OBJECTIVE: The objective of this study was to determine cognitive functioning and health related quality of life one year after aneurysmal subarachnoid hemorrhage in preoperative comatose patients.
METHODS: Patients were investigated for one year using a comprehensive neuropsychological test battery and two HRQOL questionnaires.
RESULTS: Thirty-five of 70 patients survived the bleed, and 26 underwent neuropsychological testing. Two distinct patient groups emerged; one (n = 14) with good cognitive function, and the other (n = 12) with poor cognitive and motor function. Patients performing poorly were older (p = 0.04), had fewer years of education, (p = 0.005) larger preoperative ventricular scores, and were more often shunted (p = 0.02). There were also differences between the two groups in the Glasgow Outcome Scale (p = 0.001), modified Rankin Scale (p = 0.001), and employment status. HRQOL was more reduced in patients with poor cognitive function.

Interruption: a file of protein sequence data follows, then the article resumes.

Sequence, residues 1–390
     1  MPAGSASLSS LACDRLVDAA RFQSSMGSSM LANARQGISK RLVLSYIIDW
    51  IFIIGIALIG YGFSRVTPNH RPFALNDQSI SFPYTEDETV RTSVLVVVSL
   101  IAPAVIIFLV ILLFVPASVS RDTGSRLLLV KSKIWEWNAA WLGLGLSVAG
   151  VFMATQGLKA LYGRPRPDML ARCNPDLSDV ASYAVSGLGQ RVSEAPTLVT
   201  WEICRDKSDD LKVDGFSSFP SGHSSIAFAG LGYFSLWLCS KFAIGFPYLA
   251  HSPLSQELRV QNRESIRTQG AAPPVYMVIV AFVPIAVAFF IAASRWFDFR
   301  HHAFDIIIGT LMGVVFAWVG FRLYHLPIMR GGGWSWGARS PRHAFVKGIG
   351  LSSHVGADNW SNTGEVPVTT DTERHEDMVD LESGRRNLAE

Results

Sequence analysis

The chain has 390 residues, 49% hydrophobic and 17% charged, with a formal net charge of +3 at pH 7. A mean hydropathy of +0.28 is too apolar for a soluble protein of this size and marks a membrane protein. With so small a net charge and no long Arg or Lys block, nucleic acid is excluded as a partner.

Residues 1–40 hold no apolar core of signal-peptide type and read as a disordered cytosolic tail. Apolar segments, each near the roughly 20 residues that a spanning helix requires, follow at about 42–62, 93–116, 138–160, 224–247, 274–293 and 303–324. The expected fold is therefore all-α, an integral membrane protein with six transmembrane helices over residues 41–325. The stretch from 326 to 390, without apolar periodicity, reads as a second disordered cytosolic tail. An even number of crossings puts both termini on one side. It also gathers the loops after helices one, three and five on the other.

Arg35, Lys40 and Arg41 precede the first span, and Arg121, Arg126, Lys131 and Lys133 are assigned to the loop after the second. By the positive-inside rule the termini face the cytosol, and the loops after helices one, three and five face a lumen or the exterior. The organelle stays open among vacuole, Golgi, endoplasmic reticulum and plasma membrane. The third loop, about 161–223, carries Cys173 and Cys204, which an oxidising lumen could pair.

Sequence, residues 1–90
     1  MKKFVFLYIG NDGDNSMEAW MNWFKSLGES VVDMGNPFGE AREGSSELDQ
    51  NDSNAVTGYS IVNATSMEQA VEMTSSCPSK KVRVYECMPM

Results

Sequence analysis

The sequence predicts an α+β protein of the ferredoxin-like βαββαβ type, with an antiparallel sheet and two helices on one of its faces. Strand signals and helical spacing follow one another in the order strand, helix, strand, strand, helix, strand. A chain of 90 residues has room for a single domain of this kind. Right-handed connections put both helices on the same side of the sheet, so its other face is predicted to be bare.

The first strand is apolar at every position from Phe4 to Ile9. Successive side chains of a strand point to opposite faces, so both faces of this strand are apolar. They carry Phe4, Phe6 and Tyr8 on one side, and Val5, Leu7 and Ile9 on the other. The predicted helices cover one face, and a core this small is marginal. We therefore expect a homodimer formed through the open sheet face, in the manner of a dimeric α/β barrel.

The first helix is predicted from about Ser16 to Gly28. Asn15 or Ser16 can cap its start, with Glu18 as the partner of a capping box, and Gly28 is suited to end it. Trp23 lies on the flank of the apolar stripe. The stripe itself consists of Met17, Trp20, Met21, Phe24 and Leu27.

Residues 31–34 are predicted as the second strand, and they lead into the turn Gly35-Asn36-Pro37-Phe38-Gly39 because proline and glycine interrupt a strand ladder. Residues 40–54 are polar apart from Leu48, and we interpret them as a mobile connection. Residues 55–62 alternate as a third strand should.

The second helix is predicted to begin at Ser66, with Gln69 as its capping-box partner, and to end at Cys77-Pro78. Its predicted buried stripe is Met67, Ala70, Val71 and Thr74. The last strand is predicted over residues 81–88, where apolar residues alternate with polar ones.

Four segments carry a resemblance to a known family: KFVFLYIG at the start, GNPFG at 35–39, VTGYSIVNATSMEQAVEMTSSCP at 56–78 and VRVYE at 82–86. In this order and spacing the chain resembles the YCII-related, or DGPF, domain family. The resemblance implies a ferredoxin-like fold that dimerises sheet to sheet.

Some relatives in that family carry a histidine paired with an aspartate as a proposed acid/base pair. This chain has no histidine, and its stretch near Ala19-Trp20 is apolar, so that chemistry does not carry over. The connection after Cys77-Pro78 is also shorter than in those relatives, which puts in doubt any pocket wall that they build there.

CONCLUSION: A high fraction of survivors among preoperative comatose aneurysmal SAH patients (Hunt and Hess grade V patients) recover to a good physical and cognitive function.